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Conference Paper: Surgical management of carotid body tumor - 20 years experience

TitleSurgical management of carotid body tumor - 20 years experience
Authors
KeywordsMedical sciences
Surgery
Issue Date2015
PublisherWiley-Blackwell Publishing Asia. The Journal's web site is located at http://www.blackwellpublishing.com/journals/ASH
Citation
The 2015 Conjoint Scientific Congress of The Royal College of Surgeons of Edinburgh and The College of Surgeons of Hong Kong, and the 20th Asian Congress of Surgery of The Asian Surgical Association, Hong Kong, 11-13 September 2015. In Surgical Practice, 2015, v. 19 suppl. S1, p. 19, abstract no. P9 How to Cite?
AbstractAIM: The study aims to review surgical management of carotid body tumors (CBTs). METHODS: All patients with CBTs underwent surgical resection during the period 1.1.1994 till 1.1.2014 in Queen Mary Hospital were retrospectively reviewed. Their presentation, operative details, postoperative complications as well as follow up information were reported. RESULTS: 20 patients (4 males and 16 females) with 21 CBT operations were recorded. Median age was 36 (range 21–58). All except two CBTs presented as neck mass; one was incidental finding on CT scan and another presented as facial nerve palsy. 6 CBTs (28.6%) were Shamblin class I, 10 (47.6%) were class II and 5 (23.8%) were class III. Two operations required ICA resection and reconstruction to facilitate tumor removal. 4 resections were subtotal, while 17 achieved completion resection. Complications included 2 major strokes, 3 hoarseness of voice and 2 temporary Horner’s syndrome. Shamblin class predicted operative time, blood loss and whether complete resection accomplished (mean operative time 139 minutes, 279 minutes and 396 minutes, p = 0.04; mean blood loss 53 ml, 478 ml and 1500 ml, p < 0.001; complete resection in 6/6 (100%), 9/10 (90%) and 2/5 (40%) for class I, II and III respectively, p = 0.025), but could not predict complication (complications occurred in 2/6 (33%), 3/10 (30%) and 1/5 (20%) of class I, II and III respectively, p = 0.88). With 94 months median follow up, no tumor recurrence was found in all 16 patients whom complete resection achieved. CONCLUSION: Close proximity of the tumor to major carotid vessels and nerves incurred significant operative morbidities. Shamblin class would predict operative difficulty but not complication.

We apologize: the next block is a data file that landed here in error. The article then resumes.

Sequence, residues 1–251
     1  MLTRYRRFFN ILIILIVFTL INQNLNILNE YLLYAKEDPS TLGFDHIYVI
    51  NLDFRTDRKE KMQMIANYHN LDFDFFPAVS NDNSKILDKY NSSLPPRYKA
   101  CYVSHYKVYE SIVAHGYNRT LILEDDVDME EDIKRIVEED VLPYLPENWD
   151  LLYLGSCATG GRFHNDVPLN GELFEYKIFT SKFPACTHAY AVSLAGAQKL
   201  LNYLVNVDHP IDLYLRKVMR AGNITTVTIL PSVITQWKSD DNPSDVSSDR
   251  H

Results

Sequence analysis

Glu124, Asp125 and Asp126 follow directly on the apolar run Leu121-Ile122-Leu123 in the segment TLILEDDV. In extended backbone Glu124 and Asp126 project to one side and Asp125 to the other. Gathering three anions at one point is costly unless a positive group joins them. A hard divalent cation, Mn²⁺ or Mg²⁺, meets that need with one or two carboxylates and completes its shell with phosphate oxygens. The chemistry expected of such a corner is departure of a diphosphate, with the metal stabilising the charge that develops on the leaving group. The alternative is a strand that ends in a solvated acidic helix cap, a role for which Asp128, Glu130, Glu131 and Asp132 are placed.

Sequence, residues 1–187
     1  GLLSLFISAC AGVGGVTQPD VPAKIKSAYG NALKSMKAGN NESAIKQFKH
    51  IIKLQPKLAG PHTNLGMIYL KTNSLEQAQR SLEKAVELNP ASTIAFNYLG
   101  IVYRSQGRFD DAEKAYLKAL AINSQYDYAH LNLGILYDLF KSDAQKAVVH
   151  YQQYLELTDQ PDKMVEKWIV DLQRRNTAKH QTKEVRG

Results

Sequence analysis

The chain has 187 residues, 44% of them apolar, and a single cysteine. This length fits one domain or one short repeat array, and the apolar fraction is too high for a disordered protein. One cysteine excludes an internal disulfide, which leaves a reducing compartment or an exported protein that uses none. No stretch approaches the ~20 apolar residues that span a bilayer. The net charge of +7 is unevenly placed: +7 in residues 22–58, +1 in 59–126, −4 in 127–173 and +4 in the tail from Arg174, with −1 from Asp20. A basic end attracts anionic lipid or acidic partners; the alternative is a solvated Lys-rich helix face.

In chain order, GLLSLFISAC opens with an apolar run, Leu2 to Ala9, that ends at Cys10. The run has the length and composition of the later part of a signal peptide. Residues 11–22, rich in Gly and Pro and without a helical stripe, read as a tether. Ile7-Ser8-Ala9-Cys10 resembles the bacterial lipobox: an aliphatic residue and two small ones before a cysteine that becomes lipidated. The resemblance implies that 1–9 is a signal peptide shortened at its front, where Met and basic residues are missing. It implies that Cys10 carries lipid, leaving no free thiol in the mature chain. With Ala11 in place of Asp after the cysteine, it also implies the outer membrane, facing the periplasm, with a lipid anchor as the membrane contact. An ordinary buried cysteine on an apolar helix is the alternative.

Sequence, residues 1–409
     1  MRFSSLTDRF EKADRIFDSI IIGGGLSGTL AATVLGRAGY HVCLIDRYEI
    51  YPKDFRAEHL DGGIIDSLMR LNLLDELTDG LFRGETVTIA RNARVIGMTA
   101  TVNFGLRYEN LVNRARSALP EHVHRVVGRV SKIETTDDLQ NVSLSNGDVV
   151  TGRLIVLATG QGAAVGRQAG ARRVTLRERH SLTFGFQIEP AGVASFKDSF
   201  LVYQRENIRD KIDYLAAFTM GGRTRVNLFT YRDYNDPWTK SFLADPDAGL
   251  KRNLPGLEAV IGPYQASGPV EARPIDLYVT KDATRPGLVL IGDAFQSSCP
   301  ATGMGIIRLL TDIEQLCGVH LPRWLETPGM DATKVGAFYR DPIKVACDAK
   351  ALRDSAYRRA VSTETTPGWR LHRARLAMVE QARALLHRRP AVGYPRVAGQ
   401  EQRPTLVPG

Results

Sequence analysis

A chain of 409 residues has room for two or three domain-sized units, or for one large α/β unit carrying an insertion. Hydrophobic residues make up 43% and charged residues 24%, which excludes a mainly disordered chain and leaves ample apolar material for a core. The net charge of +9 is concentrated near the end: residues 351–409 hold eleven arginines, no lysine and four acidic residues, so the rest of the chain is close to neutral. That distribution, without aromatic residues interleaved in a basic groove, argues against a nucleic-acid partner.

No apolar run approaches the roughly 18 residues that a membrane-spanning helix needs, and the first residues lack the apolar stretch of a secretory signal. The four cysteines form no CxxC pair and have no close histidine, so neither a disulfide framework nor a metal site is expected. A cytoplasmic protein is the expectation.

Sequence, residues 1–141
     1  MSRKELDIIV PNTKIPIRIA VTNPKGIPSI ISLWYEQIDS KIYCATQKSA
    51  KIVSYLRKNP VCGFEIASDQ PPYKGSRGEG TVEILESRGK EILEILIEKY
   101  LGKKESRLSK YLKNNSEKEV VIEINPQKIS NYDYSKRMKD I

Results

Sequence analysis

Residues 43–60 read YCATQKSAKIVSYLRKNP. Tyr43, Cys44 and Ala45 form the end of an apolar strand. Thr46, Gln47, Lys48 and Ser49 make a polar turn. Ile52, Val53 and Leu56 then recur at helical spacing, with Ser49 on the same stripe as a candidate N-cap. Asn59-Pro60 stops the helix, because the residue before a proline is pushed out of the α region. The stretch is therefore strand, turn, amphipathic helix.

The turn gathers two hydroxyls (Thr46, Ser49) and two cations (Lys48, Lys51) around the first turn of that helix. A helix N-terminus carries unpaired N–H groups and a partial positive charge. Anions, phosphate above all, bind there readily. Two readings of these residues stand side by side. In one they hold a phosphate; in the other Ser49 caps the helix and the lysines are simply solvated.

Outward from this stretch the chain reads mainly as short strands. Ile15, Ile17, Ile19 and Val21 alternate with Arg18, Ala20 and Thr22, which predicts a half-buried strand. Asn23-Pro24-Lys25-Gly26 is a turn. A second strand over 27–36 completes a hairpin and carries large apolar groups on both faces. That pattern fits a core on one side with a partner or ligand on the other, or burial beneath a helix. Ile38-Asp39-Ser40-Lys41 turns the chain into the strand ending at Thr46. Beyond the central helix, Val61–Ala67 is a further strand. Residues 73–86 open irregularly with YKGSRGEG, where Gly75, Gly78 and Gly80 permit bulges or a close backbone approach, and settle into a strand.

DescriptionConference Theme: Surgery for Tomorrow's Asia
Poster Presentation
This free journal suppl. entitled: Special Issue: RCSEd/CSHK Conjoint Scientific Congress 2015, ASA 20th Asian Congress of Surgery
Persistent Identifierhttp://hdl.handle.net/10722/220441
ISSN
2013 Impact Factor: 0.172
2015 SCImago Journal Rankings: 0.121

 

DC FieldValueLanguage
dc.contributor.authorLaw, Y-
dc.contributor.authorCheng, SW-
dc.date.accessioned2015-10-16T06:42:43Z-
dc.date.available2015-10-16T06:42:43Z-
dc.date.issued2015-
dc.identifier.citationThe 2015 Conjoint Scientific Congress of The Royal College of Surgeons of Edinburgh and The College of Surgeons of Hong Kong, and the 20th Asian Congress of Surgery of The Asian Surgical Association, Hong Kong, 11-13 September 2015. In Surgical Practice, 2015, v. 19 suppl. S1, p. 19, abstract no. P9-